“I don’t think there is really too much difference.  I think just since it’s a new start with something, you just sort of go forward with it, with the game plan, and you sort of just lay that trust there.

“And just part of it is to be a bit more aggressive, to be quite a bit more aggressive and try to make the opponent more and more comfortable and not really settle for rally shots, trying to have more purpose on every shot, trying to sort of get that rather than waiting for my opponent to give it to me.  Sort of reaching out there and trying to take it for myself.

“Ivan is helping me out as a friend at the moment.”


Gilles Simon

What was going on in Simon’s mind when Hewitt evened the fifth set at 5-5:

“Well, I knew in the game I had to play against him, but unfortunately I just didn’t manage to do it at the beginning.  That’s the least I can say.

“I was feeling bad.  I didn’t have a good rhythm on the court.  It takes me a long time to find it.  Then it was better, a lot better.  I was in control.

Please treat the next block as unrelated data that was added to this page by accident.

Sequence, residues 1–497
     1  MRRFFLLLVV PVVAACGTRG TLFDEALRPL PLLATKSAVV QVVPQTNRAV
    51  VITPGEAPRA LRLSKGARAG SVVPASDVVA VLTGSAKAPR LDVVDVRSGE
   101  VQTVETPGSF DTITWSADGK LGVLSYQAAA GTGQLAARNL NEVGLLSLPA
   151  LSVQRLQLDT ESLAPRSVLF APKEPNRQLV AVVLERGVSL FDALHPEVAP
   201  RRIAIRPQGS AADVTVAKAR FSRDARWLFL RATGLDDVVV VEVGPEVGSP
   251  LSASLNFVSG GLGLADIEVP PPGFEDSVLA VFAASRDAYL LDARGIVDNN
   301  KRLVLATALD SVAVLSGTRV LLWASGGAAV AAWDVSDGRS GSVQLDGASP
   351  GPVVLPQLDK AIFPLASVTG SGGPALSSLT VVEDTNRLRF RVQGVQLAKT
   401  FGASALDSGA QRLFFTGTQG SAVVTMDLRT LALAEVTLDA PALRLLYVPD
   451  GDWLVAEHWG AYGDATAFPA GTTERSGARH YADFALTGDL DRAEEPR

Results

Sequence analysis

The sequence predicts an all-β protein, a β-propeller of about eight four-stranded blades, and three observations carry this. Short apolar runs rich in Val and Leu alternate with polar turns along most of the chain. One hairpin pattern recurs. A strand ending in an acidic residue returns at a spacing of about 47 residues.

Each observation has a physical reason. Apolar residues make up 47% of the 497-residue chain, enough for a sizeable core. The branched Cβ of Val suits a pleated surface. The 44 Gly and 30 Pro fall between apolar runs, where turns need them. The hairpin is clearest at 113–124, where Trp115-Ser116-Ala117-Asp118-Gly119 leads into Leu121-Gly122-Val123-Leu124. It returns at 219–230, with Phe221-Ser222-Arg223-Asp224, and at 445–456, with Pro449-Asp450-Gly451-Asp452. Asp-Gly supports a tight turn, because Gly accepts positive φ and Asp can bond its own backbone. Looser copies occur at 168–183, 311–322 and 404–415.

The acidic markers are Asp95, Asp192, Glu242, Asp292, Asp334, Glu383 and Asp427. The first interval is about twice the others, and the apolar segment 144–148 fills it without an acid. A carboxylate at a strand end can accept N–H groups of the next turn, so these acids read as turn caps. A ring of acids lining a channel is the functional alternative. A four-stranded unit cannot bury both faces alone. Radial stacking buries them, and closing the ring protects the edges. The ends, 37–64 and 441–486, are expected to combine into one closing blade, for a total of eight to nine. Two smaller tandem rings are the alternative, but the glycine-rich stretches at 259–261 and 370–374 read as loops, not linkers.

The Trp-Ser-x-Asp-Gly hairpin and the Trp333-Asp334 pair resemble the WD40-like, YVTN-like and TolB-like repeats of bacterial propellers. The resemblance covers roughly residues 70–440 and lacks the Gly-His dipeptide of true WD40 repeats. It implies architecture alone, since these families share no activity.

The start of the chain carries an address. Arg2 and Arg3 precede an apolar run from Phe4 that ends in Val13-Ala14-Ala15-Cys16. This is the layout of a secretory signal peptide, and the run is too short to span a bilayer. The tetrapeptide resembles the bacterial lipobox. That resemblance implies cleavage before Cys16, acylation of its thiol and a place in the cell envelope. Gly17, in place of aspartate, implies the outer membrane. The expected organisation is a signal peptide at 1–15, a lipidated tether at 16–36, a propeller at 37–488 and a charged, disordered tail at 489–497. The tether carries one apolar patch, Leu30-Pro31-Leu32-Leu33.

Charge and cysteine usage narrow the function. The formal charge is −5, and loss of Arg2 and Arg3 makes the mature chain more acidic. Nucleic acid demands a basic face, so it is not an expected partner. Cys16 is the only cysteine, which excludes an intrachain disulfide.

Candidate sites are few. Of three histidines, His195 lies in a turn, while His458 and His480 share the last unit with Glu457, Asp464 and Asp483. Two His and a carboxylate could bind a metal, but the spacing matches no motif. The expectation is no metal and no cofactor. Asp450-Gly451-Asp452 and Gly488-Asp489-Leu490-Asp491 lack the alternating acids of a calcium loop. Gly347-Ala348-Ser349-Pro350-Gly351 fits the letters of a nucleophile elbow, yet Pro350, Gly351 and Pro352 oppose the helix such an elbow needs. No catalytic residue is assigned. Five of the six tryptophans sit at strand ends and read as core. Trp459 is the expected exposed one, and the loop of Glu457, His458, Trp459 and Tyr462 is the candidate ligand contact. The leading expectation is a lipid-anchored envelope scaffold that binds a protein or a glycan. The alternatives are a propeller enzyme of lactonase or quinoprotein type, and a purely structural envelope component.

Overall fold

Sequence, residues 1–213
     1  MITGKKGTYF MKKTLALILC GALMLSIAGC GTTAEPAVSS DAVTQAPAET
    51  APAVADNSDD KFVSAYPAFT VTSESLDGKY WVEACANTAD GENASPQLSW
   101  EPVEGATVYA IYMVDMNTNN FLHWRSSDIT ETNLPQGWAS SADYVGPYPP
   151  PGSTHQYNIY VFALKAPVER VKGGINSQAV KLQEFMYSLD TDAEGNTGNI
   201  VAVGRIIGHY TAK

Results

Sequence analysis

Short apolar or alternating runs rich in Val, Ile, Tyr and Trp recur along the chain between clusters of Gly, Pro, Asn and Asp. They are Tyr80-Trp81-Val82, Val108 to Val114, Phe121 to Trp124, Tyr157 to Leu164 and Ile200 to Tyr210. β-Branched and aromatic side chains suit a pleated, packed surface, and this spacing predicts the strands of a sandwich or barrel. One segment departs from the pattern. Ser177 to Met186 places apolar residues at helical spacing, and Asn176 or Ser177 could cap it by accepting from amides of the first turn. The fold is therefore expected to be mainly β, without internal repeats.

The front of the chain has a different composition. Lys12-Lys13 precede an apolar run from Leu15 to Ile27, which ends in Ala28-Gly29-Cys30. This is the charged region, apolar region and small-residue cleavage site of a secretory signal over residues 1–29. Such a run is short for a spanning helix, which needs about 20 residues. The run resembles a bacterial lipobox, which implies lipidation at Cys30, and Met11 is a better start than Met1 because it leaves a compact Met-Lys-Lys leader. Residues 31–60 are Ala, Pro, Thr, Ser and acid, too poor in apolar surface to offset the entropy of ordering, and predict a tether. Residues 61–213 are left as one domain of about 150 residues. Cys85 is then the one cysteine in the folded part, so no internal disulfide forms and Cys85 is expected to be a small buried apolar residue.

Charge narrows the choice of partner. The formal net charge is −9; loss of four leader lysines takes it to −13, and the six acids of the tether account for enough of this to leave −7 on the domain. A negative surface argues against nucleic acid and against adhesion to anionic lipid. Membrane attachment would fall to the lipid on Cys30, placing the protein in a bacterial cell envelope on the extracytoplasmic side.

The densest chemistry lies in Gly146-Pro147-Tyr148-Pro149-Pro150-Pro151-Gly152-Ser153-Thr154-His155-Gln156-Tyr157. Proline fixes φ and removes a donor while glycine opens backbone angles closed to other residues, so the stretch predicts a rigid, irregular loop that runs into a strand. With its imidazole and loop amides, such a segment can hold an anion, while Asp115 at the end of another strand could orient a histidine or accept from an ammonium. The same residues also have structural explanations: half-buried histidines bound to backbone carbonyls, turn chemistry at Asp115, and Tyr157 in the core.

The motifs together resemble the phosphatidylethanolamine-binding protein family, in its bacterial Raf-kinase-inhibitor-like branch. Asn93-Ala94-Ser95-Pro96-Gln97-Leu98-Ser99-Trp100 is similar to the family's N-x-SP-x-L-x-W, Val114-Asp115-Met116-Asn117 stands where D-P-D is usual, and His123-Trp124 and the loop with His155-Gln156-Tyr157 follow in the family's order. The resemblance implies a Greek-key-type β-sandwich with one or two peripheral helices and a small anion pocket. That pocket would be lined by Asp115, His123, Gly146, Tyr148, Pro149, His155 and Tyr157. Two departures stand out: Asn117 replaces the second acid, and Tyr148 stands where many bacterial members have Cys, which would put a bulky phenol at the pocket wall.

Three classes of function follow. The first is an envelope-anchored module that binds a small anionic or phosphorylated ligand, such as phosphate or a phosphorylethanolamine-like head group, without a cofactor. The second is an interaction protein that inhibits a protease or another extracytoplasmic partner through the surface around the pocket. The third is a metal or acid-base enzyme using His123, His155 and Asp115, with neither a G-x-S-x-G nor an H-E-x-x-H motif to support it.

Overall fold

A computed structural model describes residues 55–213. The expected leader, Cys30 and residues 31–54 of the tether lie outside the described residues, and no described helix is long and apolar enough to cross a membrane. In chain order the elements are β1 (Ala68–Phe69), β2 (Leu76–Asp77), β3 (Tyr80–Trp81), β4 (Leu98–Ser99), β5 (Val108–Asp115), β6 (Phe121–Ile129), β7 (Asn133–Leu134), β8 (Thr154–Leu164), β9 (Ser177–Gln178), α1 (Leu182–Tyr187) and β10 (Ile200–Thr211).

“But unfortunately at the end he played one more time great tennis.  And it’s never easy to finish when you see the guy coming back 5‑1, 5‑2, 5‑3 after a few match points.

“So I’m just happy that I managed to win this one.  I think it was a very difficult match today for me, and I just hope I’m going to be better on the next round.”


Lleyton Hewitt

“It was more just blisters on my toe.  You know, it was uncomfortable but you can play through it.  He obviously stepped up his game from the start of the third set.  I was able to hang in there.  I had small opportunities.